MM: What was on offer to us in Europe was the opportunity to be an equal at the table. You were not being dragged to a table, you were not being pushed to a table, you were not being bullied to it. And when you got to the table you were not subject to the normal relationships that history, unfortunately, had dictated in the past: that big was better only because it was big. So there was the nature of the relationships around the table in Europe, the collegial nature of them - if you like, the vision Europe had. Frankly, I think maybe our history of imperialism, of colonisation, allowed us very quickly to embrace those values. PG: If I could ask you about changing relations within Britain and their relationship to changing attitudes between Ireland and Scotland.

How do you think those changes are affecting Irish-Scottish relations and perceptions?

MM: Something new is happening with devolution. In the past relationships between Ireland and the UK existed along what I call an Anglo-Irish axis, as opposed to a Scottish-Irish axis and a Welsh-Irish axis. With so much of our focus on the Anglo side, I think we probably did ignore, and probably to our cost, the development of relationships along those other axes. Now things are changing, the axes are changing, the perceptions are changing. There were things we could have done to keep freshening and refreshening those relationships which we probably, all of us, did not do because of the absorption with the Anglo-Irish axis.

Now things are changing, the axes are changing, the perceptions are changing. We have been given a remarkable opportunity to develop those axes now. I think it's a tremendous adventure for all of us. In a way I'm possibly more conscious of the pre-existence of the Scottish axis in particular. Growing up in Northern Ireland, it was actually hard to avoid it. I was very surprised when I came to work in Dublin first of the lack of consciousness here. A parallel: in Dublin you could meet loads of people who had never been to Donegal in their lives. But you can't go to Donegal without being aware of the axis with Scotland because it is and always has been part of the warp and weft of Donegal life. You can't go anywhere in Donegal without tripping over something to do with Scotland. Over the years the over-focusedness on relations with Westminster, that whole Anglo axis, has obscured the fleshing out of the shared cultural and historical experiences between Scotland and Ireland. I just think there's a marvellous opportunity to unpack all of that now.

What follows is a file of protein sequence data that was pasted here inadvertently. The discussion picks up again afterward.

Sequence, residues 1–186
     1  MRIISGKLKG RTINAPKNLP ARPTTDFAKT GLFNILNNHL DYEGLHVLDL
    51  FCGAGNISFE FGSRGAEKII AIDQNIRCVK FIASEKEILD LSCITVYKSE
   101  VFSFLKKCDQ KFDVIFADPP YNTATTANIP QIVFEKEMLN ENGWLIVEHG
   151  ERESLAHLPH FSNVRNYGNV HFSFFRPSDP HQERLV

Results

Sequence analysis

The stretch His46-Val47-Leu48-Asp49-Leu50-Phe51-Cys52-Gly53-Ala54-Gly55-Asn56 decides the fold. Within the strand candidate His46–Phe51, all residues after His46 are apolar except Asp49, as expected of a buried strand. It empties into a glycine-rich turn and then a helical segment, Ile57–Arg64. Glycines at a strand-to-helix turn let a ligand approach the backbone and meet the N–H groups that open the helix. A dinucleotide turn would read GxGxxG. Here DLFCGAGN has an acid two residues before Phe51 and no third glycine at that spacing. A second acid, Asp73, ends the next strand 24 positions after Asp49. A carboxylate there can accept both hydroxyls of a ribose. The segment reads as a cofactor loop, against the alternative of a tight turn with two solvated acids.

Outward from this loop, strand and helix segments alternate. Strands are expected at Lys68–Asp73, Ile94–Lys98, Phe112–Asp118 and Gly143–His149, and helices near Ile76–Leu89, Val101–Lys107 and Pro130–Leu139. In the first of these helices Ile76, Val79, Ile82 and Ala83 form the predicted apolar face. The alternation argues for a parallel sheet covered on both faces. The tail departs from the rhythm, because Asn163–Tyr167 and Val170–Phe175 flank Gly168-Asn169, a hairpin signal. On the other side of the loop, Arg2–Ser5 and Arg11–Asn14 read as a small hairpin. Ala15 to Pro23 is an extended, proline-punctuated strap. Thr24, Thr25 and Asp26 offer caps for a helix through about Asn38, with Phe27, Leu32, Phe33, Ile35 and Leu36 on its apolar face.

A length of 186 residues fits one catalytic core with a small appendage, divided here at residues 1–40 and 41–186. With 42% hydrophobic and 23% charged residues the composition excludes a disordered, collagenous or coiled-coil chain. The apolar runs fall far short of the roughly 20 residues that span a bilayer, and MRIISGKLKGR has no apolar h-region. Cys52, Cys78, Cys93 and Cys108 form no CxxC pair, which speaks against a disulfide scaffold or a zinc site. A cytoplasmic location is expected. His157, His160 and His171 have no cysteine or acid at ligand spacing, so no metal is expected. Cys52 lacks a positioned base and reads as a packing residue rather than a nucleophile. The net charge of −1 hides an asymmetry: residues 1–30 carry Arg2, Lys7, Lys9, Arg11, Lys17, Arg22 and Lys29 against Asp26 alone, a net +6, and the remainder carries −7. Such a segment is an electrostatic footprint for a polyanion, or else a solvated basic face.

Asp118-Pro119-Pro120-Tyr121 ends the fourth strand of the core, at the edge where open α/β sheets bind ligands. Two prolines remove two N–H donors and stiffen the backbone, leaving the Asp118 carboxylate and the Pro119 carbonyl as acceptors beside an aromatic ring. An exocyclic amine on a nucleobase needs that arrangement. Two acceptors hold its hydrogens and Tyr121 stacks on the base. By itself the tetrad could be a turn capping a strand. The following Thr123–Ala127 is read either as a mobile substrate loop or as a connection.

PG: Hasn't there been a great historical amnesia about those experiences?

MM: Isn't it quite remarkable how there can be amnesia about huge pieces of history, and also how we can fail to know things about ourselves and about our own landscape. Growing up in Belfast, many of my neighbours routinely went to Scotland on holidays, they would visit relations on holidays. I myself visited Scotland. It's ironic that I'm going to open up the institute in Aberdeen because my very first holiday ever in Scotland was when I spent a hogmanay in Aberdeen. But when I was working in Belfast in the Institute of Professional Legal Studies at Queen's and we were rolling out our courses and looking for ideas, almost spontaneously we went to our colleagues in Scotland. One of the reasons for doing that, of course, was that it was the quickest way to get a very different perspective. Our friends in England shared our common law tradition; our friends in the republic shared our common law tradition. So we were going to hear things that were very familiar, but in Scotland we were going to hear something different because they had a civil law system which they guarded very, very jealously. And it's also a mainstream European tradition.